By Gloria Mwaniga.
Oh Yeah, its evening.
The banker says,
Happy that finally he has a few hours
Away from long queue of clients.
The cobbler puts down his tools of trade
And eagerly pours out the contents of his tin to count,
Ten, twenty and thirty shillings…only
Seven kids and a materialistic wife to go home to
The college girl looks at her watch,
Aarrggh when will this lecture ever end,
she sighs, looking at her watch,
Its Friday evening after all
Time to party, drink and dance.
Hands on hips, she watches the setting sun,
Being a single mom is so hard
Putting on a straight face all day long,
And spending long lonely nights alone,
Tossing and turning
The lady adjusts her belt tightly on her petit waistline,
And adds a little more rouge on her lips
Just a sneak of perfume behind her ears,
She hears the car roar at the gate,
Her heart misses a beat,
She rushes out to meet her lover.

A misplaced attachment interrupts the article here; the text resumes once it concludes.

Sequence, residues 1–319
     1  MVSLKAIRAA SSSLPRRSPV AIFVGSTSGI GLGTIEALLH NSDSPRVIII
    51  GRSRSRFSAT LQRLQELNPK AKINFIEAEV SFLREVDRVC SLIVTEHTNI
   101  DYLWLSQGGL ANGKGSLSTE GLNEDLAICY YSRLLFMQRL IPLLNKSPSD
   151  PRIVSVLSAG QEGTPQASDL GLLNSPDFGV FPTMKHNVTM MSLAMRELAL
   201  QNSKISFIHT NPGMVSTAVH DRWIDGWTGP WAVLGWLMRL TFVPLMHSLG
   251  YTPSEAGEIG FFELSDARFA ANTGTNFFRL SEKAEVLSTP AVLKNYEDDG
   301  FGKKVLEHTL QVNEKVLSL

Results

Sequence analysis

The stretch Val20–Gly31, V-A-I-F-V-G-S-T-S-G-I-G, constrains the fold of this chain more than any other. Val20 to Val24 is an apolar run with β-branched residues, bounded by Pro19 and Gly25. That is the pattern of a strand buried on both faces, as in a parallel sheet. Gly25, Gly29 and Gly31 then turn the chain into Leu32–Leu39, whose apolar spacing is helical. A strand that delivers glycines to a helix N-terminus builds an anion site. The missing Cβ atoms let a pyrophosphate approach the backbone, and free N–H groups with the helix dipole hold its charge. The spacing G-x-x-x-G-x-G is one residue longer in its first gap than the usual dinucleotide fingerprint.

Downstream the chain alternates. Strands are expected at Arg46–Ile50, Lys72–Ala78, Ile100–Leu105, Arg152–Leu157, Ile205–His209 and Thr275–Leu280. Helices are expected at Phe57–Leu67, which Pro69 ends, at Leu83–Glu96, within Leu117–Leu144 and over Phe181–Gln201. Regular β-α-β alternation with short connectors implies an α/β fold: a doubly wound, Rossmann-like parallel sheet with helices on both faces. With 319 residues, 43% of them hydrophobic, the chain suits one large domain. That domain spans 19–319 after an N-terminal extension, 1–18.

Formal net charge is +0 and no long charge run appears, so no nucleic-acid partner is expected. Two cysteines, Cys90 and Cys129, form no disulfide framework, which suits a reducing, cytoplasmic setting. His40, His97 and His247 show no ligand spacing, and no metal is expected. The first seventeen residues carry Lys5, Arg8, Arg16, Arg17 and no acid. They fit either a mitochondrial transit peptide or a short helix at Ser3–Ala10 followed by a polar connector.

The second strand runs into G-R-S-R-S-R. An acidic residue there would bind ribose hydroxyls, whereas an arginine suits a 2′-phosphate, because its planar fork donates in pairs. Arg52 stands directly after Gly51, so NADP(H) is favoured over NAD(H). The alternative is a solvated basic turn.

Today is a special evening.
The workaholic husband looks at his watch,
Well, let me put in a few more minutes,
And wind up that report,
Three hours later,
He is locking the office door,
His shoulders sag
At the thought of his nagging, unromantic wife.
The daytime …lovers sigh.
Why are their stolen moments so painfully brief?
Now it’s already evening,
Time to return the hotel keys
And walk back to reality,
To the boring, unexciting routine called life,
The university graduate sighs, frustrated and sad
Another Friday evening,
No calls from prospective employers,
The bug of joblessness
Bit like an untimely frost in mid June
Yet evening must come,
So that every man can face his fears,
And face up to his own limitations.
That the body may rest,
In its own imperfection.